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How do I decide on what SRID to use when creating SqlGeometry type RRS feed

  • Question

  • I am reading ESRI shape files and creating a SqlGeometry data type so that I can do intersections of boundaries. I am not doing any distance calculation or area calculations. How do I decide if I use 0 or 4326 for SRID? I understand that all geometries have to have the same SRID but which one? Does it matter for using intersection and contains functionality? I am also extracting the X and Y points for each polygon.
    Thursday, January 27, 2011 7:07 PM

Answers

  • "Shapefile documentation refers to the points being in X, Y coordinate system. I was under the impression that if the points are in X, Y coordinate system, then geometry data type is appropriate. Is that not correct?"

    Generally speaking, you'd be absolutely correct. The geometry datatype is for X,Y data, whereas the geography datatype is for lat, long data.

    The problem is that, since the coordinates in an ESRI shapefile can either be projected or geographic (according to whether the accompanying PRJ file begins with PROJCS or GEOGCS), they typically use X and Y to refer to any two coordinates in a coordinate tuple, whether they are planar or not.

    In your case, the PRJ file shows that this shapefile uses coordinates from a geographic coordinate system, so X and Y really refers to Longitude and Latitude, in which case the geography datatype is appropriate.


    Beginning Spatial with SQL Server http://www.apress.com/book/view/1430218290
    • Marked as answer by kcjailbirds Thursday, January 27, 2011 9:38 PM
    Thursday, January 27, 2011 8:58 PM
    Answerer

All replies

  • Look in the .PRJ file that came with your shapefile data. It's a small textfile that details the parameters of the spatial reference system in which the coordinates are defined - whether it's projected or geographic coordinates, the datum and type of projection used, the unit of measurement etc.

    You should create your geometry data using the SRID code that corresponds to that spatial reference system. You can look this up online at www.epsg-registry.com.

    If you can't find it, post the contents of your PRJ file here and I'll tell you the corresponding SRID.


    Beginning Spatial with SQL Server http://www.apress.com/book/view/1430218290
    Thursday, January 27, 2011 7:41 PM
    Answerer
  • Thank you. Here is the .prj file.

    GEOGCS["GCS_WGS_1984",DATUM["D_WGS_1984",SPHEROID["WGS_1984",6378137,298.257223563]],PRIMEM["Greenwich",0],UNIT["Degree",0.017453292519943295]]

    Not sure what it all means.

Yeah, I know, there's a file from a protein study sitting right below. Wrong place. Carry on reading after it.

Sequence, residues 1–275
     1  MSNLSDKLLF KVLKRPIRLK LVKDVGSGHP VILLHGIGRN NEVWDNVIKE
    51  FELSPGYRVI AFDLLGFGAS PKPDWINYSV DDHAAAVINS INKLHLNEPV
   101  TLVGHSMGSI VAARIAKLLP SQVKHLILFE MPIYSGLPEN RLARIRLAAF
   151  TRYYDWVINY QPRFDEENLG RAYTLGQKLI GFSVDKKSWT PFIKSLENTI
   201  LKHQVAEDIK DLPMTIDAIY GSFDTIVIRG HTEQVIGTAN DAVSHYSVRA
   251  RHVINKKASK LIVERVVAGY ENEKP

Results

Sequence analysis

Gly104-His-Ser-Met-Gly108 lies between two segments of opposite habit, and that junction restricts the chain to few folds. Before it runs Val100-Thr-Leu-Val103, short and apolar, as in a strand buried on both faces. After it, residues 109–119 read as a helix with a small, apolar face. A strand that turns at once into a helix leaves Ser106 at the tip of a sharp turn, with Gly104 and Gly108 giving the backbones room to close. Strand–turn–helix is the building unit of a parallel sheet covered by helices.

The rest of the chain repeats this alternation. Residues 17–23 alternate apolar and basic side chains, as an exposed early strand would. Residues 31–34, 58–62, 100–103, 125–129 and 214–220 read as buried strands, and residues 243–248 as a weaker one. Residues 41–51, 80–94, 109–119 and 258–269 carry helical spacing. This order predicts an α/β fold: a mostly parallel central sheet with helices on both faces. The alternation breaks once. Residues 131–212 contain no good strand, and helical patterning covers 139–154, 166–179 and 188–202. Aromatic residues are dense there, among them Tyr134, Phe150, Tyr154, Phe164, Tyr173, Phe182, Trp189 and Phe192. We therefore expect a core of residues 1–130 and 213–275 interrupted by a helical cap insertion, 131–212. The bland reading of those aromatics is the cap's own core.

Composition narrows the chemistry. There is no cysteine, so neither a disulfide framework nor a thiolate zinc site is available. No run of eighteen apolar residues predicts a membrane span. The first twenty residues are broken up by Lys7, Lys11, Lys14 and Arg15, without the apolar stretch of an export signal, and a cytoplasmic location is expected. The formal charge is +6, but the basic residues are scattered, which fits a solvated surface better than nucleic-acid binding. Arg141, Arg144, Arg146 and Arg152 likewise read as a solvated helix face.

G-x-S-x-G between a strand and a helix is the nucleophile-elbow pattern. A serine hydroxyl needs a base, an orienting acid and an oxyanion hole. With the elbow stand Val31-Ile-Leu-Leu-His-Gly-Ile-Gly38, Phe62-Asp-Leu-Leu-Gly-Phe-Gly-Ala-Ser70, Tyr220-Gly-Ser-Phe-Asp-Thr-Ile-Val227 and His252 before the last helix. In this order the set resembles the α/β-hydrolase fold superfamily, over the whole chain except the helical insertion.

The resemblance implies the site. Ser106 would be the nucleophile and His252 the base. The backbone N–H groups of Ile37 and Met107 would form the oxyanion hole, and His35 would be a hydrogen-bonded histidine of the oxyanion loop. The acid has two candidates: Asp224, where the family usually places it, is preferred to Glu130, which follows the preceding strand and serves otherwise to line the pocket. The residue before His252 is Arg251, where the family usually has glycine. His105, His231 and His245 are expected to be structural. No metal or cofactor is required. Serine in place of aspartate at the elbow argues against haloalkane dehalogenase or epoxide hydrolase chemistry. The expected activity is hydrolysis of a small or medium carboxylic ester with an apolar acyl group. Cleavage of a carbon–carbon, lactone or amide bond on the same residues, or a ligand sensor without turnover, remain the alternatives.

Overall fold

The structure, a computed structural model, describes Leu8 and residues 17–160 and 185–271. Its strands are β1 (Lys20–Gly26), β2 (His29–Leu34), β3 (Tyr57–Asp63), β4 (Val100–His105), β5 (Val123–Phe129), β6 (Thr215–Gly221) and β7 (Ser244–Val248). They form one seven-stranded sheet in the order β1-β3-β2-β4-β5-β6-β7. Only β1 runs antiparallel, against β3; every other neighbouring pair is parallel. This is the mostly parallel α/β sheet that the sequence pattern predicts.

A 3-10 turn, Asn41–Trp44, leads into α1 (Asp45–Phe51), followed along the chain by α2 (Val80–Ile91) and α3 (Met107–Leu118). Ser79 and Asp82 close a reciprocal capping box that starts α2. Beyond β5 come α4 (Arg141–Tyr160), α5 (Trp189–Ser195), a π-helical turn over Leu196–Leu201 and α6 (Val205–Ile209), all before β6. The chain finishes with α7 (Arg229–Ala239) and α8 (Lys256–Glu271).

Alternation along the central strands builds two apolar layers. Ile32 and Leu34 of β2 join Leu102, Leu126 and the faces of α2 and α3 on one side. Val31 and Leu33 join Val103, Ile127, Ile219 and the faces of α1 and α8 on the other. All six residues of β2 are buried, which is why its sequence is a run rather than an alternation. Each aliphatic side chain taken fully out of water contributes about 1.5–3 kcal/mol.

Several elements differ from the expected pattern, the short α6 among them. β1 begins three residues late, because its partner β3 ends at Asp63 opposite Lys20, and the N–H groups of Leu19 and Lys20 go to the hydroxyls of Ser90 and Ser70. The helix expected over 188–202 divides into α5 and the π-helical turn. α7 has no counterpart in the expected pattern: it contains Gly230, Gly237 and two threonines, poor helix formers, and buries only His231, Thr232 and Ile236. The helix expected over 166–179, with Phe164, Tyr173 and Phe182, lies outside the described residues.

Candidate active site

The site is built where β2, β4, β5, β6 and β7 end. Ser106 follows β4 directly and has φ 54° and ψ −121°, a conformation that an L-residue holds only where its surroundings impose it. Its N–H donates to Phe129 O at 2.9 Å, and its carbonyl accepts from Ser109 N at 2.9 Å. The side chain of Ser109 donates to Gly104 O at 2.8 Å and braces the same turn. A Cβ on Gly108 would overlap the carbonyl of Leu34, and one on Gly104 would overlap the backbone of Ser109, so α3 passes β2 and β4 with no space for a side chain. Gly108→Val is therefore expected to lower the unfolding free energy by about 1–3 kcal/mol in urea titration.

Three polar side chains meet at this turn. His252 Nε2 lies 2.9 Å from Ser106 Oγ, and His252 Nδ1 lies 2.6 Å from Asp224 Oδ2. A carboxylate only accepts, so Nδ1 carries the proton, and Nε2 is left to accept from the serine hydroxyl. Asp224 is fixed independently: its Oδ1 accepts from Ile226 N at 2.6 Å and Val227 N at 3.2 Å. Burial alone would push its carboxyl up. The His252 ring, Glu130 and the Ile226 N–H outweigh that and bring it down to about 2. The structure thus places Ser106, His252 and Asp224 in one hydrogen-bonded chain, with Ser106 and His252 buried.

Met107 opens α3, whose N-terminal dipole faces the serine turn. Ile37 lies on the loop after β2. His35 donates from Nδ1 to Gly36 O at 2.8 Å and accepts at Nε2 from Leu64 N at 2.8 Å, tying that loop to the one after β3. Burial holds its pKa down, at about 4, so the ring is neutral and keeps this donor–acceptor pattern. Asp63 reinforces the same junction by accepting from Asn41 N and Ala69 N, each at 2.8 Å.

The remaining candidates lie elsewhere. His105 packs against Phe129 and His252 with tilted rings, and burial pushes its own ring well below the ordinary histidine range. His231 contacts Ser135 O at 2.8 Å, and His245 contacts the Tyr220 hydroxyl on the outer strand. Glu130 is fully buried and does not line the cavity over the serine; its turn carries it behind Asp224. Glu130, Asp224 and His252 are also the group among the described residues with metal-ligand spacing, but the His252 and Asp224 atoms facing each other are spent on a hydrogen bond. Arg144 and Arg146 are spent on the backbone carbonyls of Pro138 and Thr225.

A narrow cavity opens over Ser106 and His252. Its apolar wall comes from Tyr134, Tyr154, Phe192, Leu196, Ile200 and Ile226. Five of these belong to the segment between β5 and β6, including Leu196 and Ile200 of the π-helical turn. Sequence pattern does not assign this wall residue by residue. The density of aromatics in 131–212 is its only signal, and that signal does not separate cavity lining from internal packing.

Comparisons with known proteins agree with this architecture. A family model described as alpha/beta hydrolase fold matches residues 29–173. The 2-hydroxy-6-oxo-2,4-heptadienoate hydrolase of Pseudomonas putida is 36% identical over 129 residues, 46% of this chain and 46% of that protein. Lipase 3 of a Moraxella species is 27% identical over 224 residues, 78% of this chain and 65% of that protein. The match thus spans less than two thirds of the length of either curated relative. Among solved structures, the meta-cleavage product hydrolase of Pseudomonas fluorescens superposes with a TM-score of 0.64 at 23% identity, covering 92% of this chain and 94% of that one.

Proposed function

Thursday, January 27, 2011 8:01 PM
  • GEOGS => Geographic coordinate system

    SPHEROID["WGS_1984", 6378137, 298.257223563] => The ellipsoid on which this coordinate system is based has a semimajor axis (at the equator) of 6,378,137 metres, and it has an inverse-flattening ratio of 298.257223563 (a measure of how "squashed" it is).

    PRIMEM["Greenwich",0] => The prime meridian, i.e the line at which longitude = 0, is the Greenwich prime meridian.

    UNIT["Degree",0.017453292519943295] => Coordinates are measured in degrees

     

    These parameters correspond to the EPSG:4326 spatial reference system, so you should use SRID 4326. Note that this is a geographic coordinate system, so you should really use the geography datatype. (But, if you really must use the geometry datatype, you still should use 4326).


    Beginning Spatial with SQL Server http://www.apress.com/book/view/1430218290
    Thursday, January 27, 2011 8:07 PM
    Answerer
  • Thank you very much.

    I was trying to use the geography data type but kept getting error with invalid data type. When I posted a question about that, you mentioned that to create a geography polygon using SqlGeographyBuilder, the polygon points have to be in counter clockwise direction. However, the points stored in the shapefile are in clockwise direction for polygon. Shapefile documentation refers to the points being in X, Y coordinate system. I was under the impression that if the points are in X, Y coordinate system, then geometry data type is appropriate. Is that not correct?

     

    Thursday, January 27, 2011 8:40 PM
  • "Shapefile documentation refers to the points being in X, Y coordinate system. I was under the impression that if the points are in X, Y coordinate system, then geometry data type is appropriate. Is that not correct?"

    Generally speaking, you'd be absolutely correct. The geometry datatype is for X,Y data, whereas the geography datatype is for lat, long data.

    The problem is that, since the coordinates in an ESRI shapefile can either be projected or geographic (according to whether the accompanying PRJ file begins with PROJCS or GEOGCS), they typically use X and Y to refer to any two coordinates in a coordinate tuple, whether they are planar or not.

    In your case, the PRJ file shows that this shapefile uses coordinates from a geographic coordinate system, so X and Y really refers to Longitude and Latitude, in which case the geography datatype is appropriate.


    Beginning Spatial with SQL Server http://www.apress.com/book/view/1430218290
    • Marked as answer by kcjailbirds Thursday, January 27, 2011 9:38 PM
    Thursday, January 27, 2011 8:58 PM
    Answerer
  • Thank you again! I will go back and try to figure out why SqlGeographybuilder fails on me. I am assuming the points are in the wrong orientation. I thank you once again.
    Thursday, January 27, 2011 9:38 PM